I watch a lot of football. I play a lot of RPGs. And I've always had this theory that they're not all that different.
So I went to an NFL player—probably the only NFL player who actually plays RPGs—to see if he'd agree. He did.
"You can look at it as— everyone starts at level one, when you're entering even like peewee or high school football," said Chris Kluwe, a punter for the Minnesota Vikings and self-proclaimed RPG nerd.
"You gotta train your skills and hopefully level up to make it to college and then to the pros. The boss fights are kind of brutal, let me tell you, sometimes."
For example: Devin Hester, one of the most dangerous punt returners in the NFL and Kluwe's greatest nemesis. "Yeah, definitely. I'd say he's an end-game boss fight," the punter said, laughing.
It's not just levels and boss fights. As my buddy Chris Dahlen once pointed out, there are quite a few parallels between gridiron and a traditional role-playing game. Teams take turn attacking and defending, each trying to do as much damage—or score as many points—as possible. General managers are constantly looking to upgrade their parties. And every NFL player is always training to boost his skills.
"How I knew I was good enough to kick in college was the kicking camp I went to, the guys that ran it, they had punted and kicked in the NFL, and they told me: 'Hey, if you work at it, you have the potential to be good enough to kick in college, and you definitely have a shot at the NFL,'" Kluwe said.
So he worked at it. And kept leveling up. "That's kind of the interesting difference between football and RPGs. You don't know that you've leveled up until you made it, then you know, okay, I'm at that level."
Hey. Maybe RPG designers can take something out of this parallel. In an RPG, everything is neat and pre-determined. To level up, all you have to do is gain experience points. There's no chance you might not make it. No way to miss out on your dreams.
Of course, that's one of the reasons we like playing RPGs: it's comforting to know that, unlike the real world, no matter how many times we screw up, we'll always be able to do well. Kluwe didn't know he'd be an NFL punter, but we know that Cloud will become a super soldier. It's destiny. It's a video game.
But it's fun to imagine an RPG that feels more realistic. A gritty, dark role-playing game that puts you in the shoes of a warrior who maybe won't always make it. Maybe you'll fail. Permanently. Maybe you won't be able to get stronger. Maybe you're not good enough to be the chosen hero. Maybe you're stuck playing soldier or guarding a town instead of going out and saving the world. Maybe you won't make it to the NFL.
"I think maybe [RPGs should] just hide the numbers in some cases," Kluwe said. "A lot of the time in RPGs it's about stats—a sword that gives you an extra six power or whatever—while in football, you don't really know until you actually go out and do it. So if you have areas, kind of like Dark Souls, where you don't really know if you're strong enough to take on a boss, but once you figure out their patterns, once you learn the skills necessary to do it, then you can defeat it... that's kind of like football. Once you first start out, you might not know exactly what they're doing. The more you practice it, then you realize you can win."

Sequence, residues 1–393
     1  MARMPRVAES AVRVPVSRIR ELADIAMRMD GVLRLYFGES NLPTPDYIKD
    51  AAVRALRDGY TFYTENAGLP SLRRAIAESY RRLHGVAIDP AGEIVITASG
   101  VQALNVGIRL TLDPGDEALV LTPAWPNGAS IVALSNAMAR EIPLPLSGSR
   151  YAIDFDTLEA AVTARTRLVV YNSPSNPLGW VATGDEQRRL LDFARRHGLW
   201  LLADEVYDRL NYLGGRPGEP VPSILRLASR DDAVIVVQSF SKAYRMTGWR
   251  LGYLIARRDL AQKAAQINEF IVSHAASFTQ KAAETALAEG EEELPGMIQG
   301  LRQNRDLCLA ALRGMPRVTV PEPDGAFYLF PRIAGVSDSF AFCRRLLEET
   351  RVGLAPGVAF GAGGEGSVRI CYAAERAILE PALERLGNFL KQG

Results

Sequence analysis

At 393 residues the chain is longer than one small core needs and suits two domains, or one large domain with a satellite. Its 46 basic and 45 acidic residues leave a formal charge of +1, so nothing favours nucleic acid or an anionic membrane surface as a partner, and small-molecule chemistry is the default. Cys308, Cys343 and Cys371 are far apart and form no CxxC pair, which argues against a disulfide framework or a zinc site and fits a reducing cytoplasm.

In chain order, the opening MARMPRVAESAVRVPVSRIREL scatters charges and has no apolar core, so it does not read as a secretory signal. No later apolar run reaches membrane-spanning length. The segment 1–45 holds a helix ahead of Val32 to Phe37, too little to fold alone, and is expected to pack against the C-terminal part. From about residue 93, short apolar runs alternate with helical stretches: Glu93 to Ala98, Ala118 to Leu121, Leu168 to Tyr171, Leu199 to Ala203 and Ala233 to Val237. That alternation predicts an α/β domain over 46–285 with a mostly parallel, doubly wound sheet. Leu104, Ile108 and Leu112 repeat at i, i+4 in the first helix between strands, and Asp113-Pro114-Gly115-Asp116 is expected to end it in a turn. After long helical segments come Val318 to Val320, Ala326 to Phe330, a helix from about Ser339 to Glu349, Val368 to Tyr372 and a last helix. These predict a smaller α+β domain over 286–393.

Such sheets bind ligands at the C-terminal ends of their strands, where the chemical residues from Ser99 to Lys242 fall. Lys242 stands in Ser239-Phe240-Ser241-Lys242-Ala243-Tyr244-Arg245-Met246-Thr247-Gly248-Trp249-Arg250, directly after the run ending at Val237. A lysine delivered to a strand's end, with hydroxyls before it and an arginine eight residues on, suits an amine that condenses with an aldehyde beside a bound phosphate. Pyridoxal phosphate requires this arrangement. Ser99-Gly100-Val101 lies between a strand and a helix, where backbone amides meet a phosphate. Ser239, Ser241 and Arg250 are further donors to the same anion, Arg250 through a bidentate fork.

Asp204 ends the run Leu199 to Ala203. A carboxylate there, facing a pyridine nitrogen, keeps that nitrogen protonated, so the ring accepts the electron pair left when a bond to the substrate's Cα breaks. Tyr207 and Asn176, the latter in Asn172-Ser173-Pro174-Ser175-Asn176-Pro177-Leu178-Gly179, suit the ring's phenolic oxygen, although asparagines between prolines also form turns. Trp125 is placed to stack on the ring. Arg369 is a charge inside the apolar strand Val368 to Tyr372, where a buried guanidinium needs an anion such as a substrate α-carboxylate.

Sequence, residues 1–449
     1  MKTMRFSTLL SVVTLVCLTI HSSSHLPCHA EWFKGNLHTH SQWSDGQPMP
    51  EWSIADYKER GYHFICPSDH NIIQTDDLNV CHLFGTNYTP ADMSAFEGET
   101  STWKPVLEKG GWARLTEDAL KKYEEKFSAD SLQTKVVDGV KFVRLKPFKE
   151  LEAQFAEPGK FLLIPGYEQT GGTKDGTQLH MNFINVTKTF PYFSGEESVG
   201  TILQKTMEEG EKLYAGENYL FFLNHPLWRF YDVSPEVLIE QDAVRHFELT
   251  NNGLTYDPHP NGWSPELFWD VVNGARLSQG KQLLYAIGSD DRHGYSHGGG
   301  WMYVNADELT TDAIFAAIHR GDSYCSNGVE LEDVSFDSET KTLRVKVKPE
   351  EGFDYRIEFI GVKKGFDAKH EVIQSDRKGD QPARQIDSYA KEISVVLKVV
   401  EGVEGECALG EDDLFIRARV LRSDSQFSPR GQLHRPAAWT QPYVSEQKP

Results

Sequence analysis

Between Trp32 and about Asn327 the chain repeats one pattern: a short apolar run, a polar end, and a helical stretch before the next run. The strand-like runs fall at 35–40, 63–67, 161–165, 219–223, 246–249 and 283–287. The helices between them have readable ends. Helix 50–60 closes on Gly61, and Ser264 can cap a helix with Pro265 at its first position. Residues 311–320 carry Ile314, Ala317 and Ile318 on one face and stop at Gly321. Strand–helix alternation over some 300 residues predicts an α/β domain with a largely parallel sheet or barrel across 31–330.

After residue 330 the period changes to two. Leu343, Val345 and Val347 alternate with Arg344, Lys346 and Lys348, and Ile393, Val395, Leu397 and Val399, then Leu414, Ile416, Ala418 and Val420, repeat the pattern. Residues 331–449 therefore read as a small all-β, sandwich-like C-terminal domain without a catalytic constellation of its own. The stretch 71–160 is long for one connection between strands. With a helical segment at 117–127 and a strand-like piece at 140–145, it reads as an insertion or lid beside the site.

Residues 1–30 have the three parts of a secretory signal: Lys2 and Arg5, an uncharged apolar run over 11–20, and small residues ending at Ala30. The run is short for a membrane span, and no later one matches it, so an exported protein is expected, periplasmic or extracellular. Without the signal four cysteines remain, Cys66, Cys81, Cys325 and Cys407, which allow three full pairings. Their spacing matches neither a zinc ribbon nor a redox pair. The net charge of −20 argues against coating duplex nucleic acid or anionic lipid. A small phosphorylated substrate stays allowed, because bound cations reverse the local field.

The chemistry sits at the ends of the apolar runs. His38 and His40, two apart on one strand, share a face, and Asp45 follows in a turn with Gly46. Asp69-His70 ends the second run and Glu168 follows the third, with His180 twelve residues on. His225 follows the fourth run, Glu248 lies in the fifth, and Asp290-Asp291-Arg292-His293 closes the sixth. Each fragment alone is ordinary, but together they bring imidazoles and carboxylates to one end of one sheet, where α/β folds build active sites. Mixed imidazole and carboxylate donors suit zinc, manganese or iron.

On the other hand, there's always going to be room for RPGs that love crunching numbers. Kluwe agrees: "Half the fun of RPGs is when you get up to level 99 and you just walk around the world killing everything. Look at Disgaea. I think there definitely is a place for having those numbers. It can be fun to kind of theorycraft, figure out which stats work best."
But I'd still love to see an RPG that's more like football, more like a professional sport in the way it treats your character. It might not seem so fun to play a game in which winning isn't a guarantee, but maybe it'd be more rewarding. It'd certainly be interesting.
"How do you quantify a person's ability when it can change year to year?"
So what about Madden, I asked Kluwe. What do NFL players think of the game that stars NFL players, a game that many people have compared to an RPG in many ways?
"Sports games are the one genre of video games I don't play," Kluwe said. "Although people have told me that apparently Madden upgraded me this year. I think I was in like the mid-70s before. Now I'm in like the mid-80s."
That shifting number is what determines the value of every player in Madden, of course. People love reading the stats, seeing players' numbers change every week. Gamification of a real-life game. I told him that if I played football, I'd probably obsess over my Madden stats. Do players do that?
"We'll talk about the stats in the locker room," Kluwe said. "Most of the time it's based on popularity. If your name is in the newspaper, if you're on SportsCenter then they'll bump up your stats. But they don't know. How do you quantify a person's ability when it can change year to year?"
That's a good question. In many ways Madden's quantification of players is an attempt to turn the NFL into a neater, less random game. To turn it into more of an RPG.
Maybe we should go the other way. Maybe some RPG designers should be looking more towards the NFL, learning from the underdog stories and randomness and sheer drama that pervades every element of professional football. I'd love to see more role-playing games in which success isn't pre-determined; it's earned. Like football.
Random Encounters is a weekly column dedicated to all things JRPG. It runs every Friday at 3pm ET.